Kevin OBrien

Hitachi Releases Single-Platter Deskstar 7K1000.D and 5K1000.B 1TB Har

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Alongside the release of Hitachi's new 4TB 7,200RPM hard drive from their G-Technology line of storage products, Hitachi released two new 3.5-inch models with single-platter 1TB capacities. The 7K1000.D and 5K1000.B are offered in both 250, 320, 500, 750GB and 1TB capacities with fewer moving parts thanks to a new larger capacity platter design.

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More 1TB single platters is pretty awesome. 4TB in an external isn't bad either. Can't wait to get my hands on this new gear.

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Well, give it a bit. As typical though, we're going to see 4TB hard drives pop up in these externals before being available in bare drive format. Incidentally, I bugged Seagate again about the XT with 1TB platters to see what's up. They're outside their mid-year release date on that.

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Finally a benefit from 4K sectors. Seems Hitachi got the timing of the switch to "advanced format" just right. But what about IOPS? My two-platter 7K1000.C is a little bit slower than its three-platter 7K1000.B predecessor. Does the 7K1000.D suffer even more from its higher densitiy?

Also a two-platter 7K2000.B would be much more reasonable for the mainstream desktop market. And of course, with a top-notch 5 TB model Hitachi could get back the capacity crown. (The current 7K2000 has also five platters.).

IMHO a 7K5000 series with 1/2/3/4/5 TB models would be the most logical choice.

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I love the idea of a 5 platter 5TB Hitachi. We'll see, for now it appears the next step is going to be 4x1TB across the board.

As to performance, we're waiting on our review 7K1000.D but will post benchmarks as soon as we have one.

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Well, give it a bit. As typical though, we're going to see 4TB hard drives pop up in these externals before being available in bare drive format. Incidentally, I bugged Seagate again about the XT with 1TB platters to see what's up. They're outside their mid-year release date on that.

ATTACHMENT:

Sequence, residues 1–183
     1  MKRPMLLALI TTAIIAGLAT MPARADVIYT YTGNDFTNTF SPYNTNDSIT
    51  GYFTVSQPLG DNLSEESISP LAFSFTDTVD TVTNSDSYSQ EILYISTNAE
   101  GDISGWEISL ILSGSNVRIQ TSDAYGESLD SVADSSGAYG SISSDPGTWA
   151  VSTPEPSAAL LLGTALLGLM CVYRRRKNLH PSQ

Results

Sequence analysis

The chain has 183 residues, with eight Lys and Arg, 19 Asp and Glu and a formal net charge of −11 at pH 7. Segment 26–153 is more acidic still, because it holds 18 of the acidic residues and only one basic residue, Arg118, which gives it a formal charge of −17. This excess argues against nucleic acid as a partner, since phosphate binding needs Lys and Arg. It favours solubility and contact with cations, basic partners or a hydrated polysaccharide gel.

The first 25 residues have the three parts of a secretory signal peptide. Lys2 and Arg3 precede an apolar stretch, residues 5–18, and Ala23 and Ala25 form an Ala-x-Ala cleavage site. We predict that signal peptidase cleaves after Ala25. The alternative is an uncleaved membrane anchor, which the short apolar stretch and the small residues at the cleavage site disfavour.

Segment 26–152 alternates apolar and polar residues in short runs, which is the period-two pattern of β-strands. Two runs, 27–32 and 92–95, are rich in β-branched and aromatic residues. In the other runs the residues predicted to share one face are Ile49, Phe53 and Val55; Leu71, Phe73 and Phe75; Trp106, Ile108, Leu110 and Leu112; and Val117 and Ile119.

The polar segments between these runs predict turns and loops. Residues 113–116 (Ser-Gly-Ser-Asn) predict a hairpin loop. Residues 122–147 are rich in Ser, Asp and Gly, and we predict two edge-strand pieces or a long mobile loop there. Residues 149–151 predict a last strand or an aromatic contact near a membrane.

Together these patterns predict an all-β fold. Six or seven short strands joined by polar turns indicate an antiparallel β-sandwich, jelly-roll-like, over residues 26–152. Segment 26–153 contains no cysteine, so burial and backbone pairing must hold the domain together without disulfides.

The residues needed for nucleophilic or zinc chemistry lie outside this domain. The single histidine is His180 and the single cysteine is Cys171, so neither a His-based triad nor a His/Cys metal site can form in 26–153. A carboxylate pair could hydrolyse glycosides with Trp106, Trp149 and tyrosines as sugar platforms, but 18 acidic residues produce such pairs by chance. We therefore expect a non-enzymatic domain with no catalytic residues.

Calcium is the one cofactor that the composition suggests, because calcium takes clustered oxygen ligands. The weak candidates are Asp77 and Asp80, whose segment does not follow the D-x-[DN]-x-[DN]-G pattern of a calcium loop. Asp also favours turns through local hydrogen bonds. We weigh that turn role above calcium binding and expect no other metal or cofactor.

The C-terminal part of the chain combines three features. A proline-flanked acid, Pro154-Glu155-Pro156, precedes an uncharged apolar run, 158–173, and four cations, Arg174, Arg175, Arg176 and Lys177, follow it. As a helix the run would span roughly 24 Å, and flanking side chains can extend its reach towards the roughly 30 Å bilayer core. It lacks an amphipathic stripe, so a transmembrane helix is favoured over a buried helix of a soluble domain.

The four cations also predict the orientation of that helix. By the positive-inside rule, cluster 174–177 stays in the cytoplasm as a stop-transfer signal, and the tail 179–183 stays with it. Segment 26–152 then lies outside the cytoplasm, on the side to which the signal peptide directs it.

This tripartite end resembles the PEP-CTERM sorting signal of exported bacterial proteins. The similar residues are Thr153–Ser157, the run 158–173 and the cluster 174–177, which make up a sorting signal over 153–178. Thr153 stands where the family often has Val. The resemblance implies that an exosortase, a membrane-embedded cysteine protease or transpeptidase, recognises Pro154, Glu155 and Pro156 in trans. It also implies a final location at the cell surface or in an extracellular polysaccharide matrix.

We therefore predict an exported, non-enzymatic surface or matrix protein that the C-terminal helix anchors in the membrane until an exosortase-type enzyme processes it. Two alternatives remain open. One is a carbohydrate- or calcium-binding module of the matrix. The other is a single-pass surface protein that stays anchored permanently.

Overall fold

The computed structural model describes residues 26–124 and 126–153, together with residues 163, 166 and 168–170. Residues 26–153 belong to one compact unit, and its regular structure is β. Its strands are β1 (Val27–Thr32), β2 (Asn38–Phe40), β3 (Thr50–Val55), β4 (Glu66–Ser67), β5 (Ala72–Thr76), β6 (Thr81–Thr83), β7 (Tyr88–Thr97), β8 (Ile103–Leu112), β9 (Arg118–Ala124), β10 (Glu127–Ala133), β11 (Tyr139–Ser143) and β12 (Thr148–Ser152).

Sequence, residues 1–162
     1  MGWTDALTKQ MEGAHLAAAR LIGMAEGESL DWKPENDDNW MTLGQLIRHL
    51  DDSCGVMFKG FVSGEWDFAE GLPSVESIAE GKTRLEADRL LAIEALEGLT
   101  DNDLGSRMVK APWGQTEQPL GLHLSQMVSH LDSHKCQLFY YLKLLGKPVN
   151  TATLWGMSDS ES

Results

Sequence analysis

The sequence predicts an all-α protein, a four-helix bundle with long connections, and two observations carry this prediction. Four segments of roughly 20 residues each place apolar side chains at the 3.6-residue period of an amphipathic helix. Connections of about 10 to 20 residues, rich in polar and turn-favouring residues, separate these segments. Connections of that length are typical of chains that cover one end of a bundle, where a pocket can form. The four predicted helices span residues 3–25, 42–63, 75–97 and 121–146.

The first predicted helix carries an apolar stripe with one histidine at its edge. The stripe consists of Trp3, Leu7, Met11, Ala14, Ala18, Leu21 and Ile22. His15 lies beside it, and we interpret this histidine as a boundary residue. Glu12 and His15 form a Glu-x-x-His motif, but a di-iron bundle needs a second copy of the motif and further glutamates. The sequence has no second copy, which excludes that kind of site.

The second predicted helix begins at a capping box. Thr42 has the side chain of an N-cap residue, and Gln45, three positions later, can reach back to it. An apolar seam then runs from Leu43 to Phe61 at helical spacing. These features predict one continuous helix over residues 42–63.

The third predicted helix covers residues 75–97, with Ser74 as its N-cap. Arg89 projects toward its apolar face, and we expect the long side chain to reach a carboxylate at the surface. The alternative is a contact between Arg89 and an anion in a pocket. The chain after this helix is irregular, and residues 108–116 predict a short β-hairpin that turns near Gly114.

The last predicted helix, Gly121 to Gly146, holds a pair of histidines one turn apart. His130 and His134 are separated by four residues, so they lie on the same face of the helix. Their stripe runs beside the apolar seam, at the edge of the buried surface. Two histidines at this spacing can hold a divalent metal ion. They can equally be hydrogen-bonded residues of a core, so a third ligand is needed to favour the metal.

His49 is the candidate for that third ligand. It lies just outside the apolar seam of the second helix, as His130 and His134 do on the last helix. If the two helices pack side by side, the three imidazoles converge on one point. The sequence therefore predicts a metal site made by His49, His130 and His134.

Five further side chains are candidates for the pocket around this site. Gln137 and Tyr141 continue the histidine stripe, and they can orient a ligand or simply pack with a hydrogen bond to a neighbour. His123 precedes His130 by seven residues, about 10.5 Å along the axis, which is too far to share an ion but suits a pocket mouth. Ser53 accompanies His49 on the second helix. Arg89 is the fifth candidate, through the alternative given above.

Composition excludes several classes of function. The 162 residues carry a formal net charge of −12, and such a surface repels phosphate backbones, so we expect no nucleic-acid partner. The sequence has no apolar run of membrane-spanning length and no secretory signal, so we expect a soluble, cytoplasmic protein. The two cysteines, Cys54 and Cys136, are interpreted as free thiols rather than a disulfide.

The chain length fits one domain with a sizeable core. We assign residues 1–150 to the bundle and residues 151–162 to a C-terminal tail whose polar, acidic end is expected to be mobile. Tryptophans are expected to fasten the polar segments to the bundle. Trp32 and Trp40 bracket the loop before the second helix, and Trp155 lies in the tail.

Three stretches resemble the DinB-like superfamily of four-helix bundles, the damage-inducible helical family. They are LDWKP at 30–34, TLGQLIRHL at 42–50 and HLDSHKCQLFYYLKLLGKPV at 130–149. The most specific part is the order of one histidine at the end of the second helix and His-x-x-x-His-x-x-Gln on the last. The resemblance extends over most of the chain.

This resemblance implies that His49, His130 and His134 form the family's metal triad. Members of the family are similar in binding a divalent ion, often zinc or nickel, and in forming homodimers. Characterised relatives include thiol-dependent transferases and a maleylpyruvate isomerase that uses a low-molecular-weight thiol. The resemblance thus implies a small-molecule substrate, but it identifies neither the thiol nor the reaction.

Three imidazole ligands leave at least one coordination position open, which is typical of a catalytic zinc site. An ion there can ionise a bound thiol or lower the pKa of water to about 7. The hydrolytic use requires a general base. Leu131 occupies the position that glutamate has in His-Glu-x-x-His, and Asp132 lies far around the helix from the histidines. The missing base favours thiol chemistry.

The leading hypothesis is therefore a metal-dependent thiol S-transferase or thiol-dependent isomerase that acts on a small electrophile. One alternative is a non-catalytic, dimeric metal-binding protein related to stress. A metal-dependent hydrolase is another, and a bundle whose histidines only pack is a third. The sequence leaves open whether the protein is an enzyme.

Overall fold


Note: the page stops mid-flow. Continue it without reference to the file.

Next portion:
I'm probably not even going to buy the 4TB ones anyway - I normally triple my storage each time I upgrade, and that'd mean going to 24x3TB next. But, if nothing else it does mean cheaper and more efficient 3TB drives are on the way :) And in any case it won't be for another 6 months or so (hopefully)

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I just don't get it! WD bought Hitachi and the deal was supposed to be finalized by the end of Q3 2011! Why in the world are they still around releasing drives????! :blink:

That deal isn't supposed to close until the end of the year. After that, we'll probably still see both brands, at least for a while.

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Top speed on the 7200 rpm model is pretty sweet.

Just keep in mind that media transfer speed is not the actual data rate to the SATA bus. From memory I'd say the overhead is ~80% here (not sure what causes the difference) - which would still result in some very nice STR.

IMHO a 7K5000 series with 1/2/3/4/5 TB models would be the most logical choice.

Agreed. Accompanied by a 5K5000 series with 1/2/3/4/5 TB models :)

5K1000.B is pretty lame, though. You don't go for a *small* and slow HDD.